theater

First, let’s talk about the physical space. I’d been in the space that was formerly the Brooklyn Paramount once before, several years ago, to watch some roller derby on a winter’s night.What had previously been a 4,500-seat theater has, for the last few decades, been converted into the basketball court for Long Island University–meaning that gorgeous architectural features coexist with mechanically-operated bleachers and a hanging scoreboard.

On a humid day in the early fall, I returned to the space for a performance sponsored by the New York Theatre Organ Society. Renovations will soon turn this space back into a full-time theater, and before that takes place, this event was organized to showcase the 89-year-old Wurlitzer organ that’s been in the space since 1928.

The crowd was an interesting one to take in. At 40, I was on the younger side; when Mark Herman, who performed that day, spoke, he mentioned that people had flown in from multiple states to hear the Wurlitzer in action. Sitting not far from me was a group of men in monastic garb; other attendees sat in groups or by themselves.

Herman’s program seemed designed to showcase the organ’s capabilities, and the sheer physicality of the organ’s setup became apparent over the course of the afternoon. It was also largely comprised of pre-World War II music, largely from the theater world; among the highlights were Irving Berlin’s “Russian Lullaby” and a selection of Harry Warren compositions late in the program. During the occasional moments when the full expanse of sound was on display, the sheer volume and the resonance throughout the room was unlike anything I’d seen before.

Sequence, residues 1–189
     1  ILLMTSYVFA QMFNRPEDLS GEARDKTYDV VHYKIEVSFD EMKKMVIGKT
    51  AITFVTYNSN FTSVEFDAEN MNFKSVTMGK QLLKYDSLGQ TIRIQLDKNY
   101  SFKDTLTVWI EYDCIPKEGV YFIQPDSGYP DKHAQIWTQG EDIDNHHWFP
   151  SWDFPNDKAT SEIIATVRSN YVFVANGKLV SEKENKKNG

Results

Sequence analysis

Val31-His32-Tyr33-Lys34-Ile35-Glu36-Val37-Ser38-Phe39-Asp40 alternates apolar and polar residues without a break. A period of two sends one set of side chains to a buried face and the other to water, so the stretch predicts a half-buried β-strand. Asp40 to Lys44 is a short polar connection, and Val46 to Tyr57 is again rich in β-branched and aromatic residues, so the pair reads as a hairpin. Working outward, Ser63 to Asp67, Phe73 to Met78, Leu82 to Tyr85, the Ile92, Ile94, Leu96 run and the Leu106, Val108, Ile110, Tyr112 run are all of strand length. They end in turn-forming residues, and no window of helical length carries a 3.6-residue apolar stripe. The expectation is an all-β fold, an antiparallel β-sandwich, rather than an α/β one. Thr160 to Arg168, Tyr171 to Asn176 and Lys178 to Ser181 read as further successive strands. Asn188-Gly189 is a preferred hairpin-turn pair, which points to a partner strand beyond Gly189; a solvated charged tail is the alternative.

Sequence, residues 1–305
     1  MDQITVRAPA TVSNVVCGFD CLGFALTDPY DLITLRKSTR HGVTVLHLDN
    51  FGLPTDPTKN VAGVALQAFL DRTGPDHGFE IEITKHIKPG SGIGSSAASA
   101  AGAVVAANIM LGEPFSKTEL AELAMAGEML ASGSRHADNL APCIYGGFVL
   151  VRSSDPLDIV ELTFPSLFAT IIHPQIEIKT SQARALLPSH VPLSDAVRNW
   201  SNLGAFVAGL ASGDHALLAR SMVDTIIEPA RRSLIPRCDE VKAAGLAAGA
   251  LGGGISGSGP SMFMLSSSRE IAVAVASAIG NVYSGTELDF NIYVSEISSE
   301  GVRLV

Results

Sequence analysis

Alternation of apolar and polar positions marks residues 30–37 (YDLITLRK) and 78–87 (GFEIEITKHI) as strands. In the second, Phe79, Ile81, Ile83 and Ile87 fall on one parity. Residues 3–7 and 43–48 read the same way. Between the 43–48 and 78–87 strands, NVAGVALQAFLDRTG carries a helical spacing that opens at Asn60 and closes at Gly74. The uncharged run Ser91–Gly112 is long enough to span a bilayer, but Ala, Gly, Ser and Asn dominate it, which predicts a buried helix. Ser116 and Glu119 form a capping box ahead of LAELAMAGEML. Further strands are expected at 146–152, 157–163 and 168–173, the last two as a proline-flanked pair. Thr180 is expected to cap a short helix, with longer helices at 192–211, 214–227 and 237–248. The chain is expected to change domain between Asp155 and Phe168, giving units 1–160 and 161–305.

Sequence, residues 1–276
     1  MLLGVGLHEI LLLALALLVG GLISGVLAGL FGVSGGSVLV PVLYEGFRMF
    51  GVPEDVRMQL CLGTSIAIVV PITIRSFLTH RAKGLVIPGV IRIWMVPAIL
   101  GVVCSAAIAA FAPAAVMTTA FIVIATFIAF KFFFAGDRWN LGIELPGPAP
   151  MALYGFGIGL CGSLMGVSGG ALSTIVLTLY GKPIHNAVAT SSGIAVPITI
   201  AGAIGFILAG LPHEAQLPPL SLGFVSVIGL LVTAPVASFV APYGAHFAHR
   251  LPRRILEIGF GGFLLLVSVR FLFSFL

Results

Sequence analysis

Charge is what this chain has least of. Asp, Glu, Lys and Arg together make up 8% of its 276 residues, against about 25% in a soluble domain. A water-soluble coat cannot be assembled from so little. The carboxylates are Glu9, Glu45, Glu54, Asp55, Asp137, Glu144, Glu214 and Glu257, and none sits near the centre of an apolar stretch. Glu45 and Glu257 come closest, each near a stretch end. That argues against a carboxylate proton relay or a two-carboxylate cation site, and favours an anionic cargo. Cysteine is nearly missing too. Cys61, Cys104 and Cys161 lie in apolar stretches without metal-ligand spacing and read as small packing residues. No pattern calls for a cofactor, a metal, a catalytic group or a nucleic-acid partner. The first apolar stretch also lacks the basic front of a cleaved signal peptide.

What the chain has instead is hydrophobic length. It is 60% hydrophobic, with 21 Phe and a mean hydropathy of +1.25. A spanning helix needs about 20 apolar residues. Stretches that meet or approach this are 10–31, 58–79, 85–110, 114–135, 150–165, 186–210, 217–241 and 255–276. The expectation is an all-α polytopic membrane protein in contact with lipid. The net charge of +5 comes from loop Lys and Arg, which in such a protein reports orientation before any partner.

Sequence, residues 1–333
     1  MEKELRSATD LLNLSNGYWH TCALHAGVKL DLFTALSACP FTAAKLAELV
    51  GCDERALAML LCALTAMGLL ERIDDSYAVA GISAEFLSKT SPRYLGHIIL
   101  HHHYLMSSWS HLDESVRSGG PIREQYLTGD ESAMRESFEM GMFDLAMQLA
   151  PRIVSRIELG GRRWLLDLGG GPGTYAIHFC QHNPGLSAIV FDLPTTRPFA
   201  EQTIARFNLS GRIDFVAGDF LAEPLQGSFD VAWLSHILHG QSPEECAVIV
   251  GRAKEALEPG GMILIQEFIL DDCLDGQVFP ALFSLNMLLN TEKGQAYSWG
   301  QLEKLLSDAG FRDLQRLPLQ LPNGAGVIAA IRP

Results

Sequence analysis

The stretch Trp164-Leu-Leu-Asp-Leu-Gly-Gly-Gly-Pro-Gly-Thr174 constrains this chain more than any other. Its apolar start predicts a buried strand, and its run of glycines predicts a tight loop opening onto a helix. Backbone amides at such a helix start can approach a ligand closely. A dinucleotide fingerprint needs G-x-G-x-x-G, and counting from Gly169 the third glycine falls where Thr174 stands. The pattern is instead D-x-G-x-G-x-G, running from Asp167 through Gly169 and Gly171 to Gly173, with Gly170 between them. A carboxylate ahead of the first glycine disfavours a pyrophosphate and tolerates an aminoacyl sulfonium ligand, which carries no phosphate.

The immersion of instrument with space gave me a fine reason to think about the way we listen to music in a very different way than I previously had. On the one hand, the closest comparison I can make is to the time I went to David Byrne’s Playing the Building installation a few years ago, in terms of its blend of a musical instrument and a physical location. On the other hand, there was also a substantial sense of history from this concert: it felt like hearing music from out of time in a space that seemed similarly caught between eras. Alternately, in the two hours or so that I was there, I watched a blend of instrument and architecture, of technical virtuosity and compositional chops. It was a glimpse of history, and a glimpse of a space that might soon recapture more of its old allure. Not a bad way to spend a Sunday in Brooklyn.

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